BC Government Launches Elder Abuse Prevention Strategy

Sultanelderabuse-thumb-650x520-606The BC Minister of State for Seniors Ralph Sultan launched an elder abuse prevention strategy in Victoria yesterday. Representatives from the BC Care Providers Association were in attendance.

What follows is a copy of the news release posted on the government website outlining the strategy.


VICTORIA – British Columbia today launched a strategy outlining short- and long-term measures to prevent, recognize and respond to elder abuse in British Columbia.

“Protecting seniors from all forms of abuse is a priority for myself and for our government,” said Minister of State for Seniors Ralph Sultan, “With this collaborative strategy, we hope to bring about a positive change where all British Columbians are involved in protecting seniors from abuse and creating a culture where older adults are respected in every way.”


Elder abuse may be physical or sexual, psychological or emotional, or financial. It can be at the hands of a spouse, an adult child or other family member, a caregiver, a service provider, or other person in a position of trust or situation of dependency. Abuse can take place in a senior’s home, a care facility and in the community.

Actions outlined in the strategy entitled Together to Reduce Elder Abuse – B.C.’s Strategy include:

  • Expanding the Seniors Abuse and Information Line. Longer hours will make it easier for people to get information, advice, emotional support and assistance with respect to elder abuse by calling 604 437-1940 or toll free 1 866-437-1940.
  • Providing information kits to help community groups, front-line service providers and individuals recognize elder abuse and encourage individuals to have the confidence to speak out or to ask for assistance.
  • Establishing a multi-sector Council to Reduce Elder Abuse, responsible for galvanizing society to commit to taking action to prevent elder abuse.
  • The council will be supported by an office, located within the Seniors’ Directorate in the Ministry of Health that will also be responsible for co-ordinating implementation of the strategy across government.
  • Reviewing processes and staff training for informed consent to care, including moving into a residential care facility and use of restraints, to ensure that the rights of vulnerable adults are protected.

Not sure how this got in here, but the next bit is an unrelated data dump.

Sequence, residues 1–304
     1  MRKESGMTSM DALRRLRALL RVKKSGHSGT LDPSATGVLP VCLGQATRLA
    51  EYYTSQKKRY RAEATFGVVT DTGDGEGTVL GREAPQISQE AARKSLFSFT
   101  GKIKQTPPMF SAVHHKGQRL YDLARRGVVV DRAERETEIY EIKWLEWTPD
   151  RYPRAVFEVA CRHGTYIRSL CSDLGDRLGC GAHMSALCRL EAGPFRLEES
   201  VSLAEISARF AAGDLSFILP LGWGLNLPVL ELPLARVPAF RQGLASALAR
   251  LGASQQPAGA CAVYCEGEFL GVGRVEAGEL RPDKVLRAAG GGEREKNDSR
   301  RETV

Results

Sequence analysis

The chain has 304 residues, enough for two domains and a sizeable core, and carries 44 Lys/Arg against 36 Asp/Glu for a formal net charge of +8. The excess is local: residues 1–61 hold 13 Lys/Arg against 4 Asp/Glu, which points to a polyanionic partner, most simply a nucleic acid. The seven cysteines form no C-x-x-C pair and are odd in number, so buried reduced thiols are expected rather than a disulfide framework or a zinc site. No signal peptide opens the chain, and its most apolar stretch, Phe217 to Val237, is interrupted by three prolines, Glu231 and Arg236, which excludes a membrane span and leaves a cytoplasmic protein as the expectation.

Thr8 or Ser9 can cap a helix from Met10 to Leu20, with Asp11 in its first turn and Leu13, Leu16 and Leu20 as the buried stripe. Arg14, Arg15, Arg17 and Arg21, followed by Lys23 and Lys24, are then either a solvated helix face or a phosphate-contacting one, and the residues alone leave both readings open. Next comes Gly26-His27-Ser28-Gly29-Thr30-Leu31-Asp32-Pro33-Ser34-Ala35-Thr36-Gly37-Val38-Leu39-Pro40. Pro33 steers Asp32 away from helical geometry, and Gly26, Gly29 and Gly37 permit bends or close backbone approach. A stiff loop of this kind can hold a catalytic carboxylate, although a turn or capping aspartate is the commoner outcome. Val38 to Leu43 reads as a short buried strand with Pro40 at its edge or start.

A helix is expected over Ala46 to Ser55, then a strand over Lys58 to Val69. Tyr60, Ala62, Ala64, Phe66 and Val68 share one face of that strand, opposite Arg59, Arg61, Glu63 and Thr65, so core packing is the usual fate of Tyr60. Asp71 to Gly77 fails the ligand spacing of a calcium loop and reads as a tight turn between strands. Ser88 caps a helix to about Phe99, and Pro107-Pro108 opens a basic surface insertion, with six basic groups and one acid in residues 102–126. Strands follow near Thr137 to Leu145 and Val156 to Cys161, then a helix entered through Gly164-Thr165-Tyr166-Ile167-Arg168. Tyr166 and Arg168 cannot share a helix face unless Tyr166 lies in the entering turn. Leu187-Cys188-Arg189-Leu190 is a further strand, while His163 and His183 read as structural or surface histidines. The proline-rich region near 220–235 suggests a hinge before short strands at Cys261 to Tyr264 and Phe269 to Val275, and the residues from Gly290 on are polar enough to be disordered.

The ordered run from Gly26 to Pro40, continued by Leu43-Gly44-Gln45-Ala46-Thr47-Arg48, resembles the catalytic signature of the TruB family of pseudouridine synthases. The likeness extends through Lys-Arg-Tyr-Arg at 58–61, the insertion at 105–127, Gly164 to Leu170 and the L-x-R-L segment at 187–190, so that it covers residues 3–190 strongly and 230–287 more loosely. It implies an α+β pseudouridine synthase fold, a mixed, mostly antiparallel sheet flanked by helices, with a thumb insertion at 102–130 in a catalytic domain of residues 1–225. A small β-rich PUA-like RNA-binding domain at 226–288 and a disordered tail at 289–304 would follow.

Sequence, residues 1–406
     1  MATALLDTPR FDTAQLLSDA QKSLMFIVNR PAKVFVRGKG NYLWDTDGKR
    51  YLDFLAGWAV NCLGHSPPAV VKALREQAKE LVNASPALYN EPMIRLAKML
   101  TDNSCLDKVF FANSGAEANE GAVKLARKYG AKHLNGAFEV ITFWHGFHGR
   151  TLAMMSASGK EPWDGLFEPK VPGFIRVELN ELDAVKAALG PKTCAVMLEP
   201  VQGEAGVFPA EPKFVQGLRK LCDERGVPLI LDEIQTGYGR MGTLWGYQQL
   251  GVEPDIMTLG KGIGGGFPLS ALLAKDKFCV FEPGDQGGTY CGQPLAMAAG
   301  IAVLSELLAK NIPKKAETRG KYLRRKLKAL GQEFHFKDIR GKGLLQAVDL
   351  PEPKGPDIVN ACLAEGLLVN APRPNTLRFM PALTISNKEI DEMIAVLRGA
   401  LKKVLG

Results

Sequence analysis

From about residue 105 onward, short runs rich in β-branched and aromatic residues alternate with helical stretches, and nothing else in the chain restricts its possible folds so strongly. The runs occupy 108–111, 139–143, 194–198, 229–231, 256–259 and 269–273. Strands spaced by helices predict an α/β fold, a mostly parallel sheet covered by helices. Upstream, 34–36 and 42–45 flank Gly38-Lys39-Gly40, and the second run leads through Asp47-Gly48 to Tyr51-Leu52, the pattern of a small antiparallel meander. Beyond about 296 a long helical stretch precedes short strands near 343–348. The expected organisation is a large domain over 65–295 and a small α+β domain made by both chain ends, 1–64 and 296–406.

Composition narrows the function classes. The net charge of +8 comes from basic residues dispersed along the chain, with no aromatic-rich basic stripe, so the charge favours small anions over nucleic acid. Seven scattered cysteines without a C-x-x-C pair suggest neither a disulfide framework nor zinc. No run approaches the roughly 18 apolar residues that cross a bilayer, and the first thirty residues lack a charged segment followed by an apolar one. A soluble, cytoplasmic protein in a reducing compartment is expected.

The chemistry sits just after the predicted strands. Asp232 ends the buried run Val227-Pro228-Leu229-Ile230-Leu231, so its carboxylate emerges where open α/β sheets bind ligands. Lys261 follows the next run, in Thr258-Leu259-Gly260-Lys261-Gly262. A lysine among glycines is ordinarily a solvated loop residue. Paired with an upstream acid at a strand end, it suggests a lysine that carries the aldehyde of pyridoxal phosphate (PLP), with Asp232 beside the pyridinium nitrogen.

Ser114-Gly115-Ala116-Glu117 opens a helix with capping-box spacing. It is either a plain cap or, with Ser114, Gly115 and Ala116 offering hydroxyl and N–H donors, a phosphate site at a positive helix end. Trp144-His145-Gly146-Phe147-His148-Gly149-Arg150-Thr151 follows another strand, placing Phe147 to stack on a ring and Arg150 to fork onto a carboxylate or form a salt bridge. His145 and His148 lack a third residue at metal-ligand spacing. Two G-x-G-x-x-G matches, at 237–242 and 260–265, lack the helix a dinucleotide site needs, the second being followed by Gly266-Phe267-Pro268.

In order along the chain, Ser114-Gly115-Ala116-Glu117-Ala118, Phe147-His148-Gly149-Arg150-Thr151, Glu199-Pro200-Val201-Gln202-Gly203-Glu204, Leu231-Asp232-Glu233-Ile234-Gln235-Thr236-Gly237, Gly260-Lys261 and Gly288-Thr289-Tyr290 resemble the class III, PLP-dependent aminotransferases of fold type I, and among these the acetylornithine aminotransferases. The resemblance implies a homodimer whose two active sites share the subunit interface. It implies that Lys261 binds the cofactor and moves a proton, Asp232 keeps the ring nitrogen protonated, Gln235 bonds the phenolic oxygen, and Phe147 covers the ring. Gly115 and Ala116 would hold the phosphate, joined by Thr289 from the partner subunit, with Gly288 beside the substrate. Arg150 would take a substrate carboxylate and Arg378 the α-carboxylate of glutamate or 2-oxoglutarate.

• Supporting training and awareness-building initiatives for health professionals and others to improve their ability to recognize abuse and to take appropriate action

.Areas for work on longer term actions are identified in the strategy and will be prioritized as the initial phases of the strategy are evaluated and renewed.

“Elder abuse is, unfortunately, happening all across Canada,” said Martha Jane Lewis, executive director, BC Centre for Elder Advocacy and Support. “Together to Reduce Elder Abuse – B.C.’s Strategy will provide extra supports for those who need help and create a culture change to help make elder abuse a thing of the past.”

The total cost committed to specifically supporting the strategy is just under $1 million. This funding includes $850,000 funded through the Provincial Health Services Authority to support the Seniors Abuse and Information Line, $100,000 for information kits and $37,500 to the National Initiative for the Care of the Elderly to support an elder abuse prevalence study.

The B.C. government last year provided $1.4 million to the BC Association of Community Response Networks. This investment provided extra support for prevention and education activities, in collaboration with local stakeholders, to reduce elder abuse and neglect in B.C. There is currently Community Response Network activity in over 70 communities around the province and the number is growing.

“This collaborative strategy supports grassroots efforts to help educate, prevent and ultimately end elder abuse,” said Sherry Baker, executive director of the BC Association of Community Response Networks. “The BC Community Response Network applauds the provincial government’s commitment to make B.C. communities safer for their most vulnerable.”

Developing a strategy to prevent, identify and respond to elder abuse is a commitment in Improving Care for BC Seniors: An Action Plan and also supports B.C.’s 10-year mental health and substance use plan, Healthy Minds, Healthy People. It was also part of B.C.’s Family Agenda and was emphasized in the 2013 throne speech.

Protecting vulnerable seniors from elder abuse is a key component of B.C.’s Family Agenda for British Columbia. To learn more, visit: www.familiesfirstbc.ca

For more information on preventing elder abuse and Together to Reduce Elder Abuse – B.C.’s Strategy, please visit: www.seniorsbc.ca/elderabuse

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